MARK KARLIN, EDITOR OF BUZZFLASH AT TRUTHOUT
The conservative Canadian government, as of June 19, has made the wearing of a mask during an "unlawful assembly" a crime punishable by up to 10 years in prison.
According to the Canadian Broadcasting Company website, the bill's sponsor in the Canadian parliament claims it is aimed at rioters who cause vandalism or violence (which sometimes is, however, precipitated by police intervention). However, it would be up to the police or prosecutors to determine if a spontaneous protest without a permit is a riot or just an exercise in free speech. That leaves a lot of law enforcement discretion in terms of criminalizing dissent.
The CBC provides the background:
Bill C-309, a private member's bill introduced by Conservative MP Blake Richards in 2011, passed third reading in the Senate on May 23 and was proclaimed law during a royal assent ceremony in the Senate this afternoon.
Richards, MP for Wild Rose, Alta., said the bill is meant to give police an added tool to prevent lawful protests from becoming violent riots, and that it will help police identify people who engage in vandalism or other illegal acts. The bill is something that police, municipal authorities and businesses hit hard by riots in Toronto, Vancouver, Montreal and other cities in recent years, were asking for, according to Richards.
"The provisions of my bill are effective immediately, which means police officers across Canada now have access to these tools to protect the public from masked rioters," Richards said in a statement being released today.
Of course, civil liberties proponents – let's just call them people who believe in democracy and the right to express viewpoints publicly – are objecting to the clamp down on protests:
Civil liberties advocates argued the measures could create a chilling effect on free speech and that peaceful protesters can unintentionally find themselves involved in an unlawful assembly. They also noted that there are legitimate reasons for wearing masks at protests; some may be worried about reprisals at work, for example, if sighted at a political protest."
Any law that infringes upon civil liberties needs to be held to a test of absolute necessity, and I don't think that test has been met in this instance," said Michael Byers, a political scientist at the University of British Columbia and a board member of the B.C. Civil Liberties Association, in an interview. Byers testified at the Commons justice committee that studied the bill.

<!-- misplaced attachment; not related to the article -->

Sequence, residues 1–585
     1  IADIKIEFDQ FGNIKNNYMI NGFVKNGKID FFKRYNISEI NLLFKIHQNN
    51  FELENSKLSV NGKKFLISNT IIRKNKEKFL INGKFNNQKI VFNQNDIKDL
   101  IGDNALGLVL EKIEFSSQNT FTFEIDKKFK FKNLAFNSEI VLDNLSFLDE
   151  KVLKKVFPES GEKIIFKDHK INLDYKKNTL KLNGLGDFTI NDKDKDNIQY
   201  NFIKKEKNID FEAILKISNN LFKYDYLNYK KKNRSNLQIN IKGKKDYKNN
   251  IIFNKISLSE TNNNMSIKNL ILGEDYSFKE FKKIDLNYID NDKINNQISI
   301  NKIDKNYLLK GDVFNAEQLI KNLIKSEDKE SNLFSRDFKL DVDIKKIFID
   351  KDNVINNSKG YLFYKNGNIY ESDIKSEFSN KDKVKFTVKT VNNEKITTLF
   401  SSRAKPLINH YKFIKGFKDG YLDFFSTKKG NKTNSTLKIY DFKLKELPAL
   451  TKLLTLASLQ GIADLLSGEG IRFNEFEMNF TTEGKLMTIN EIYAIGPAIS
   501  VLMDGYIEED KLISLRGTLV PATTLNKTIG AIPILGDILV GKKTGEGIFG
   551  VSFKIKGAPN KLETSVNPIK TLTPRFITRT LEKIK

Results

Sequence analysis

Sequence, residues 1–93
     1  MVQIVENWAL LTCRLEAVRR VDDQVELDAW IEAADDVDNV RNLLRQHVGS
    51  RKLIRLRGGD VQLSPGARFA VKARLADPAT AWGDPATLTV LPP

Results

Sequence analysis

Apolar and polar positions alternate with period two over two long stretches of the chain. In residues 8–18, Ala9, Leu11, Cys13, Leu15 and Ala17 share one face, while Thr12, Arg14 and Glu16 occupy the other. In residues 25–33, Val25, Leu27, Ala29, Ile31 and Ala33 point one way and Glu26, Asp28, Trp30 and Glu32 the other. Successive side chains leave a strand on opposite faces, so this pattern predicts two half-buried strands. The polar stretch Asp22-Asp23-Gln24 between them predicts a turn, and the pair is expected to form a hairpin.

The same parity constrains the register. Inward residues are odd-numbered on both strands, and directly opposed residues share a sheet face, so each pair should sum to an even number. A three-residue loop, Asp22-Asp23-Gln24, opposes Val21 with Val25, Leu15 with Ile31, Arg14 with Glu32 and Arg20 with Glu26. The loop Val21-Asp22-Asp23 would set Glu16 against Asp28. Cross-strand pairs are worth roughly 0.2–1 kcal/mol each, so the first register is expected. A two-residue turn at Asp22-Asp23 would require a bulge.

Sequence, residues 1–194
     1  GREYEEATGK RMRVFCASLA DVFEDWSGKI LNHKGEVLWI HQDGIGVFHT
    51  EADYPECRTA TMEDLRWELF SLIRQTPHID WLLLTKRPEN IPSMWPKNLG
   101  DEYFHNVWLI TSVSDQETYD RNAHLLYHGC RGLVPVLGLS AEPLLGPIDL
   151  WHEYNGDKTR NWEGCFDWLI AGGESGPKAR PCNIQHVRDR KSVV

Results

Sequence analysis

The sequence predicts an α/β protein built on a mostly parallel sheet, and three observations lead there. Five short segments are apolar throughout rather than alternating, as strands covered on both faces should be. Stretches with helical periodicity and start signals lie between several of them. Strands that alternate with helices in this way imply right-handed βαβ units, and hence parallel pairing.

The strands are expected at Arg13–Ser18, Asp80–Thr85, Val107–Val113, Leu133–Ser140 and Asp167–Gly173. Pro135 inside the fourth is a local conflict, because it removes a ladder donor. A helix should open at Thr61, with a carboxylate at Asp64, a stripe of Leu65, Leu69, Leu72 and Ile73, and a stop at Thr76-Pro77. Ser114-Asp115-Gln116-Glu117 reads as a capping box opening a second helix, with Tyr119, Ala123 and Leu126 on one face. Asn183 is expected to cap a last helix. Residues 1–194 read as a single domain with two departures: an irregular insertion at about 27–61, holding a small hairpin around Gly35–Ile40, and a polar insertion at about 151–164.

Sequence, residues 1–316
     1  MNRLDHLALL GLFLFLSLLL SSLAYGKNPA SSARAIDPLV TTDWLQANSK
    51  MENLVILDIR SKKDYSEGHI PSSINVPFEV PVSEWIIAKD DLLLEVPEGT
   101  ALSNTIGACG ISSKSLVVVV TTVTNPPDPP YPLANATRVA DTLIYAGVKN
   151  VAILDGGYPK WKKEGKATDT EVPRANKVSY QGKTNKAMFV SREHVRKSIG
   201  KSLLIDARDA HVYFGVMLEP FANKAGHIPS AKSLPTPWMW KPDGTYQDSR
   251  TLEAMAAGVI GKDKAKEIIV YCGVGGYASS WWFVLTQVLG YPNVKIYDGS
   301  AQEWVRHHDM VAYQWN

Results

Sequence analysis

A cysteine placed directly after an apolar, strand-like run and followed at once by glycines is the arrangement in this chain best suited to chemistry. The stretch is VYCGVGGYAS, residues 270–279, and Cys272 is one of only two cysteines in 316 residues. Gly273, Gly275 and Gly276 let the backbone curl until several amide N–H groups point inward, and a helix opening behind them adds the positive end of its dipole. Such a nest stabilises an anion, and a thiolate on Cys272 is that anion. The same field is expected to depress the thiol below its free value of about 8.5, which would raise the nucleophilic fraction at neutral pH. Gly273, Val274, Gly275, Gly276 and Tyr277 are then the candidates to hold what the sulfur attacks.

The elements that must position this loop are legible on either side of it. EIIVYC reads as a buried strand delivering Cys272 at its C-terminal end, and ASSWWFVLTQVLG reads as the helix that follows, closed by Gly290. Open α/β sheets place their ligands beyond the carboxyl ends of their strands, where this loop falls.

Byers appears to be engaged in cautious understatement as to the gravity of this Canadian step toward stifling those who would advocate changes in the status quo. Clearly, a law that would, due to police enforcement discretion, make a Halloween march against tar sands oil a crime, for example, is more than a law enforcement tool; it's the suppression of a core right in a democracy.
Many Americans are unaware of how far right the conservative government in Canada has moved in recent years, but this law should disabuse anyone of the notion that Canada's parliament and prime minister -- Tory (officially Conservative Party PM) Stephen Harper – are not also sock-puppets for vested financial interests, just as in DC.
The Conservative Party holds a clear majority in the House of Commons, along with the PM's position.
So the Canadian parliament has passed a law that makes wearing masks during rowdy protests subject to a penalty of years in prison. There is no masking that the once seemingly civil liberal society to the north has become a handmaiden to US pro-global corporate policy at the expense of a vibrant right to dissent.
(Photo: Ben Fredericson)